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Keeping Deer Wild in Virginia

Why Deer Must Remain Wild

White-tailed deer and other native wildlife belong to no one individual. They are held in trust by the Commonwealth for the benefit of all Virginians. As such, it is illegal for individuals to hold or confine deer or any other wild animals without a permit (Code of Virginia §29.1-521, 4VAC15-30-40). The only facilities allowed to possess native or exotic deer in the state are permitted by the Virginia Department of Wildlife Resources (DWR) for educational or rehabilitation purposes. These facilities, operated by people trained in deer husbandry, are inspected annually for humane care and compliance with state requirements for marking, record-keeping, and disease testing.

An image depicting the 28 states which report captive or free range deer attacking people between 1988 and 2020; these states are California, Oregon, Washington state, Idaho, Montana, Utah, Wyoming, Kansas, Oklahoma, Texas, Louisiana, Arkansas, Minnesota, Michigan, Ohio, Indiana, Tennessee, Alabama, Georgia, Florida, North Carolina, Virginia, Maryland, Delaware, Pennsylvania, New York, Vermont, and New Jersey

28 states with news reports of captive and free-ranging deer attacking people, 1988–2020 (N=74).

Deer, like all wild animals, are potentially dangerous to humans when threatened or confined. They become aggressive as they mature; males may attack, especially during the breeding season. Since 1988, at least 74 captive or free-ranging deer have attacked humans in the United States, resulting in 74 injuries and eight deaths.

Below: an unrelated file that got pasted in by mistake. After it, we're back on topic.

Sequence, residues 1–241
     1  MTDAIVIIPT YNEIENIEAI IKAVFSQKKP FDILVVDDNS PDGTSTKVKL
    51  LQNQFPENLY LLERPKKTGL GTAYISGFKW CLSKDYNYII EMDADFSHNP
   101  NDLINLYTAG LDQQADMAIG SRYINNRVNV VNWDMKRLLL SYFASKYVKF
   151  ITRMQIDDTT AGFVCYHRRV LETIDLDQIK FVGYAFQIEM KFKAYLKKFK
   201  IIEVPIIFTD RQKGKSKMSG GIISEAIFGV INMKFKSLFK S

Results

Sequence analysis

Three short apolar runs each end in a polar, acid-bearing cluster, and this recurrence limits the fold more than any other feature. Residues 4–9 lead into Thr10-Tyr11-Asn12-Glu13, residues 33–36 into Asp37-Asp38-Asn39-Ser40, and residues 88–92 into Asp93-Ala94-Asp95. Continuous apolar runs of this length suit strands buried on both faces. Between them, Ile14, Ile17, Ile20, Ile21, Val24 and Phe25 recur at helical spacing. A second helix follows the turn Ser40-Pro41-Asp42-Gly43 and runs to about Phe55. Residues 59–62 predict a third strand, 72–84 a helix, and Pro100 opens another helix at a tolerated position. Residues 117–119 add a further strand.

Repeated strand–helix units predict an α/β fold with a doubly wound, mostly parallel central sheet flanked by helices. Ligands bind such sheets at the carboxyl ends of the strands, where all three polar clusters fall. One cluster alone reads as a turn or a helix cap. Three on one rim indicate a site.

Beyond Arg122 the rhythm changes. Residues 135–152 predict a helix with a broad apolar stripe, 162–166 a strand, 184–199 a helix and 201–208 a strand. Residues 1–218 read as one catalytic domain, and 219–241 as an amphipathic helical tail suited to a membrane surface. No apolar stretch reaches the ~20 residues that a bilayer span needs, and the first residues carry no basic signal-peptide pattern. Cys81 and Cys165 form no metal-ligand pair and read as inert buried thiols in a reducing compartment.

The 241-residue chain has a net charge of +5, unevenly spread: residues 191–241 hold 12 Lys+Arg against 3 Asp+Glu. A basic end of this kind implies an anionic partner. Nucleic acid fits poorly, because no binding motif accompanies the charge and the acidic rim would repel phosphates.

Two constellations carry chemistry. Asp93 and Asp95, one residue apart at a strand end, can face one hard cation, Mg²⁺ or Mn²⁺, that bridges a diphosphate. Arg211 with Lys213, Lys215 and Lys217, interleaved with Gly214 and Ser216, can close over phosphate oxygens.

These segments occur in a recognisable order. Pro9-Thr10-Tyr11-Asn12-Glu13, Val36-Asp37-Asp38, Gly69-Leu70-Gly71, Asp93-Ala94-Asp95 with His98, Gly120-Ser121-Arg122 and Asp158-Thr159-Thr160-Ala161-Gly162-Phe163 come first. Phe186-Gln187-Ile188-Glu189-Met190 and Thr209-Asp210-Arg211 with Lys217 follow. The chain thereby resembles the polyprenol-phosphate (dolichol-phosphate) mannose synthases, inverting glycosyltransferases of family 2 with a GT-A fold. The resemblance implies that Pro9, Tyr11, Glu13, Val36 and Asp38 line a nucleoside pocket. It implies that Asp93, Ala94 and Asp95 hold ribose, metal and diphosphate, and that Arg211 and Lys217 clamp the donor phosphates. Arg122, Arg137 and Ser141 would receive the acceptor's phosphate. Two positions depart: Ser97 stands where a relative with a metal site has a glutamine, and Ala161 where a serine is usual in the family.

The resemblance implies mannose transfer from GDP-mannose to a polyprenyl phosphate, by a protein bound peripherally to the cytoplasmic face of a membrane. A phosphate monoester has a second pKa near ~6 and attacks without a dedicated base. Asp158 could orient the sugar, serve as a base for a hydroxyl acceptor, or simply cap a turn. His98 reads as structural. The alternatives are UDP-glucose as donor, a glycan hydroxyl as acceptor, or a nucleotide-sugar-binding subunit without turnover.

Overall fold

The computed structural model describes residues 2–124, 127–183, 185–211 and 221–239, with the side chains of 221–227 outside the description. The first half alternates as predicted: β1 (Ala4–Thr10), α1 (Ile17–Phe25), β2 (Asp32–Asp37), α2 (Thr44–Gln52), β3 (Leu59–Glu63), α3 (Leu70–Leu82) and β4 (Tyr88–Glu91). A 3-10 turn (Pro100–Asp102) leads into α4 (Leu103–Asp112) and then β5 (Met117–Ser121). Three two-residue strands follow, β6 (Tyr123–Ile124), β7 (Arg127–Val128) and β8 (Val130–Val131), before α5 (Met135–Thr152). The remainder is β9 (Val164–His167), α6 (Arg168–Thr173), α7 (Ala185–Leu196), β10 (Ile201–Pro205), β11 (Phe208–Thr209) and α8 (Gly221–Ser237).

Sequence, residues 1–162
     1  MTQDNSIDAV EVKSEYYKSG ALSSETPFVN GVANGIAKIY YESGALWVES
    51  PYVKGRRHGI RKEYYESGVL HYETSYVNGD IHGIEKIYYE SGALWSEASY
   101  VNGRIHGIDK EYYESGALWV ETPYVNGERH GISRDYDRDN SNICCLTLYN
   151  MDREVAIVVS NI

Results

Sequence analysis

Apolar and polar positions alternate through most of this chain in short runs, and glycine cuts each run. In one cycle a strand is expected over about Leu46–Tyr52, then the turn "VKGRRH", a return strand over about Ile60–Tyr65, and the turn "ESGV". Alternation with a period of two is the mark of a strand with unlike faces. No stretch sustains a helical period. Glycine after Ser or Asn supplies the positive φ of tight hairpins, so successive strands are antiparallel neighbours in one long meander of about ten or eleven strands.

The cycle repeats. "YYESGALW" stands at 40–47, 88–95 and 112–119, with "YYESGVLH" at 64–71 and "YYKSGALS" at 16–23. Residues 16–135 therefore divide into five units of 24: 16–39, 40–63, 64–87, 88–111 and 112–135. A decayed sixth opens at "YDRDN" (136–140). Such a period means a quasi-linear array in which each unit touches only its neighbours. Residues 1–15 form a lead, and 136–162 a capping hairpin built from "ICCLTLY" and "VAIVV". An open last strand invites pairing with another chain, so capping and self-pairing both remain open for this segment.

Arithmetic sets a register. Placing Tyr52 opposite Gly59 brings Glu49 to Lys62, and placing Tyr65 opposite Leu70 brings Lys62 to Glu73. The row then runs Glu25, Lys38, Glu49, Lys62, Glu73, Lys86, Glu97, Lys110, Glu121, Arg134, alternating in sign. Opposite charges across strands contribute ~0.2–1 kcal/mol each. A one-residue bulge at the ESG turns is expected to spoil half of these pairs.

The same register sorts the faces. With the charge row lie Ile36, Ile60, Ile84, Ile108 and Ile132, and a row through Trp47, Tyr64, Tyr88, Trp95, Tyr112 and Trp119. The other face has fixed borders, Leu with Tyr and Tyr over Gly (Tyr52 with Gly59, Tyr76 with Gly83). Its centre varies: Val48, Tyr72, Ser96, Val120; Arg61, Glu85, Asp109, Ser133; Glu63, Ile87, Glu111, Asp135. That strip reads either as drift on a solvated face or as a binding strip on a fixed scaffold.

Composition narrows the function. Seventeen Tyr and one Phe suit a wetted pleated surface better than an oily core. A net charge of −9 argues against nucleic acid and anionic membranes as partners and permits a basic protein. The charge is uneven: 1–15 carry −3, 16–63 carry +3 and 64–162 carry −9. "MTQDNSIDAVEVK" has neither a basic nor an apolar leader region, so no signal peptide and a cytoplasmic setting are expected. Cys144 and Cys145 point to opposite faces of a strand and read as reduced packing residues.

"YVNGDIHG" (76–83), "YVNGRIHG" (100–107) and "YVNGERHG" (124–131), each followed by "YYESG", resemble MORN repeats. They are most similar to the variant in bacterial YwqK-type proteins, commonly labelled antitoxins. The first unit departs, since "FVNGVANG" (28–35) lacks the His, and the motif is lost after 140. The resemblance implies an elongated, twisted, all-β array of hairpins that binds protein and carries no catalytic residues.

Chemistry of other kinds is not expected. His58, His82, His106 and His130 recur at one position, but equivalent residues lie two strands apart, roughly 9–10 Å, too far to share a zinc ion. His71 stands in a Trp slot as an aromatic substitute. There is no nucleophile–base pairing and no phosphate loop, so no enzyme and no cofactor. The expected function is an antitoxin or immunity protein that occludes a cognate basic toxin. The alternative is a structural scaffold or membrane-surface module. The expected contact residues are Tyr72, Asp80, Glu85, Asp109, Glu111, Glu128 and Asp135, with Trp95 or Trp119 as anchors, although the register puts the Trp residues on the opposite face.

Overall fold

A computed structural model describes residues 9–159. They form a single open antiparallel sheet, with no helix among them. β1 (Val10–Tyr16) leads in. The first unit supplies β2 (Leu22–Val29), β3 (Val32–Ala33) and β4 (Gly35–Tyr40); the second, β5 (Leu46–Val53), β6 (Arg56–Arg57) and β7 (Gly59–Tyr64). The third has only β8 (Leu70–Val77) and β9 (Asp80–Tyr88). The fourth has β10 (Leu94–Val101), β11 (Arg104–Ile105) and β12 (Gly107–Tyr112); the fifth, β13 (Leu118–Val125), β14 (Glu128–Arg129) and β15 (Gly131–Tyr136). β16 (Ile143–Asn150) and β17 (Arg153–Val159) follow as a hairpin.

Moving deer from one place to another or confining them within captive facilities increases the risk of transmitting diseases such as Chronic Wasting Disease (CWD) and Bovine Tuberculosis (TB). DWR remains vigilant in its attempts to prevent further spread of CWD, which exists in northwestern Virginia and adjacent areas in West Virginia.

What Happens To Tame Deer

When DWR discovers a tame deer that is held illegally, agency personnel must confiscate and humanely dispatch the animal. This is an unpleasant, but necessary duty. It would be irresponsible to ignore the human safety risks, inhumane conditions, and potential for disease transmission.
While anger is an understandable reaction to what seems a heartless act, euthanizing the animal is the best option. Why?

  • A tame deer usually cannot be rehabilitated or released into the wild. Tame deer lose their natural fear of humans as well as their instincts for surviving in the wild. They can become very demanding for attention and food from their caretakers, which makes the deer dangerous. In some cases, hand raised deer have even caused human deaths by goring and trampling.
  • Because biologists cannot be sure of the origin of an illegally held deer, or what the deer has been exposed to, they cannot release it into the wild or place it in a zoo or nature park. It could transmit a disease to other wildlife, to domesticated animals, or to the humans in the area where it is released.

What You Can Do To Help

To keep wild deer wild, you can do the following:

  • If you find a fawn, please leave it where you found it. It is normal for female deer to leave their hidden fawns alone for long periods as the adults feed. When humans interfere, chances that a fawn will survive are generally reduced. A truly injured or orphaned wild animal can be taken to a licensed wildlife rehabilitator (see the Licensed Rehabilitators List or call the Wildlife Conflict Helpline at 1-855-571-9003).
  • Report pet or tame deer to DWR. While you may hesitate to call please know that you are doing the right thing. Addressing the problem early will reduce the risks of human injury and disease transmission and help keep deer wild.